Wednesday 30 November 2022 - Monocle Minute | Monocle

Wednesday. 30/11/2022

The Monocle Minute

Image: Jamie Bowering

Opinion / Fernando Augusto Pacheco

By the book

Whether I’m heading to Bergen or Mombasa, whenever I pack a suitcase I make sure to throw in a trusty travel guide along with my socks and toothbrush. Having a little book that’s full of curated advice helps me to get offline and engage with the world around me rather than constantly looking down at a screen.

It’s an exciting time for travel guides. Giants of the genre such as Lonely Planet and Rough Guides still dominate bookshelves but a wealth of more selective guides are doing increasingly well. Wildsam, a series of guidebooks about US cities, coastlines and regions, recently launched its 50th title (about the Big Sur coastline) and has sold more than 400,000 books in the past decade. The A Week Abroad collection shows readers how to live for seven days like locals in sun-drenched places across southern Europe, while Monocle has also launched Portugal: The Monocle Handbook, the first title in a series of practical guides bringing you the best in a particular country’s hotels, beaches, restaurants and design.

I’ve had the pleasure of showcasing others, such as The Sensible Guide to Split & Its Islands, on The Stack, Monocle 24’s programme about the printed word. Writing it allowed Jasmina Knezović, who was born in Chicago to Croatian parents, to relive the summers that she spent there when she was growing up. The guide is packed with historical context and tips that are far from obvious – a key qualifier.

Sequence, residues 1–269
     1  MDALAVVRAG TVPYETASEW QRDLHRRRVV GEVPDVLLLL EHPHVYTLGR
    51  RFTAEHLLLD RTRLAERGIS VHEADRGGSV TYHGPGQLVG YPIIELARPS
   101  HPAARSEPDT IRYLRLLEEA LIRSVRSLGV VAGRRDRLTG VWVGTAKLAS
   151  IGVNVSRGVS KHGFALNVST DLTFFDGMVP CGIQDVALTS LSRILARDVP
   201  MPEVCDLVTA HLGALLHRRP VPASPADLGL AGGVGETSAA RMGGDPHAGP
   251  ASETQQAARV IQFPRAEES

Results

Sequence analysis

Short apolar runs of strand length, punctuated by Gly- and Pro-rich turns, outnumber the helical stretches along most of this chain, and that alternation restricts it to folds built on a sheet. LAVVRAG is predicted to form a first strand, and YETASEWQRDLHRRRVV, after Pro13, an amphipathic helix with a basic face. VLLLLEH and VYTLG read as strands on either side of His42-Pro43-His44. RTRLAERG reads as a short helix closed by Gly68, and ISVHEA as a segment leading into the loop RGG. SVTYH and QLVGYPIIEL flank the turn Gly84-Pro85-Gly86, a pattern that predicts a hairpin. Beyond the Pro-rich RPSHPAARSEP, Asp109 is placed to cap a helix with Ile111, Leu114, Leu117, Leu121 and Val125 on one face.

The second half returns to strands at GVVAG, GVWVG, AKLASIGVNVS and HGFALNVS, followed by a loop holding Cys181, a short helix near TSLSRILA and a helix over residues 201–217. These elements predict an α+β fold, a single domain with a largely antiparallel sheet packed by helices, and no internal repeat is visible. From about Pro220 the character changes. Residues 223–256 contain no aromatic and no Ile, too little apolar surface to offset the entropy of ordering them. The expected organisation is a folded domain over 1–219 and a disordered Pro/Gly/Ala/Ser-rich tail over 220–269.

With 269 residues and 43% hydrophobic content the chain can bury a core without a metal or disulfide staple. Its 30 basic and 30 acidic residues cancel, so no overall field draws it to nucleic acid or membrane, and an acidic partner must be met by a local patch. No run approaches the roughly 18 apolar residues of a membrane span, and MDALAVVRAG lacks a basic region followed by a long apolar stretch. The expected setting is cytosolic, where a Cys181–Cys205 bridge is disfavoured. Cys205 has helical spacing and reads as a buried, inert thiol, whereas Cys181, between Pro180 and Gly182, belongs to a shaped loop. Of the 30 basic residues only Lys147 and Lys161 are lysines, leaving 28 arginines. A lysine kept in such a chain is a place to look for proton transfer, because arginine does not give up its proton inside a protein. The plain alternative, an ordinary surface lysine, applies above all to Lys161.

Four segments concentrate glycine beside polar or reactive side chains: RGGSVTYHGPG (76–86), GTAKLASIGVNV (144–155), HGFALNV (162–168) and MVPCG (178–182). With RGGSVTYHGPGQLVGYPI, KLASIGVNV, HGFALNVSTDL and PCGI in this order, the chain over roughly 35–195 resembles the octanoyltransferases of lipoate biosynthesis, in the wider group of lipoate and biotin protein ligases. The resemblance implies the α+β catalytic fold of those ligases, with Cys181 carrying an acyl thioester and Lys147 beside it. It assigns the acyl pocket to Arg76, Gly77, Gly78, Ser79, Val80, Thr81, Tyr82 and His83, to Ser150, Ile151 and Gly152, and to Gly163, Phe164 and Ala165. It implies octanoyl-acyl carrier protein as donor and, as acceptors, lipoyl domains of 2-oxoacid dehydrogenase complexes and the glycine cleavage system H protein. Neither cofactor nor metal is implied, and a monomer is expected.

Dime-a-dozen “The best things to do in…” listicles rarely seem to be written by someone who has done more than look at landmarks on Google. But travel guides that show us that cute backstreet restaurant in Lisbon or cool Tokyo record shop can enrich our experience of the world, helping us to be good travellers and feed a worthwhile industry. Now that we are able to travel again, let’s do it well and have a charming (albeit dog-eared) guide to remember it by.

Fernando Augusto Pacheco is a senior correspondent for Monocle 24.

To read the full story about Wildsam, pick up your copy of Monocle’s ‘The Forecast’. And for our interview with the author of ‘The Messy Nessy Chic Guide to Paris’, tune in to ‘The Stack’ this weekend on Monocle 24.

Image: Alamy

Urbanism / Belgium & Ukraine

Action stations

Perhaps one of the most significant results of the Kyiv Investment Forum in Brussels, which closed earlier this week, was the memorandum of understanding signed between the European Investment Bank and the Ukrainian capital’s municipality. It pledges a €450m loan to upgrade the city’s metro network and an additional €500m for its extension. Kyiv’s metro became a shining example of Soviet postwar infrastructure when it opened in 1960. This year the network has become a symbol of Ukraine’s defiance with its stations and tunnels being used to shield citizens from rocket attacks. Currently, more than half of the system’s coaches require upgrading or replacing. “Investments are the driving force of city development,” Kyiv’s mayor, Vitali Klitschko, said at the forum. “We are planning many interesting and promising projects that, first, will be profitable as investments and, second, will help us overcome the consequences of the war and build Greater Kyiv, which is innovative, sustainable and successful.”


Defence / Estonia

Back to the firewall

About 1,000 cybersecurity experts from Nato and the wider industry have gathered in Tallinn this week for Cyber Coalition 22, one of the world’s largest cyber-defence exercises. The event will simulate challenges such as attacks on electrical infrastructure and Nato assets, with the aim of improving the ability of the military alliance and its partners to defend themselves and co-operate.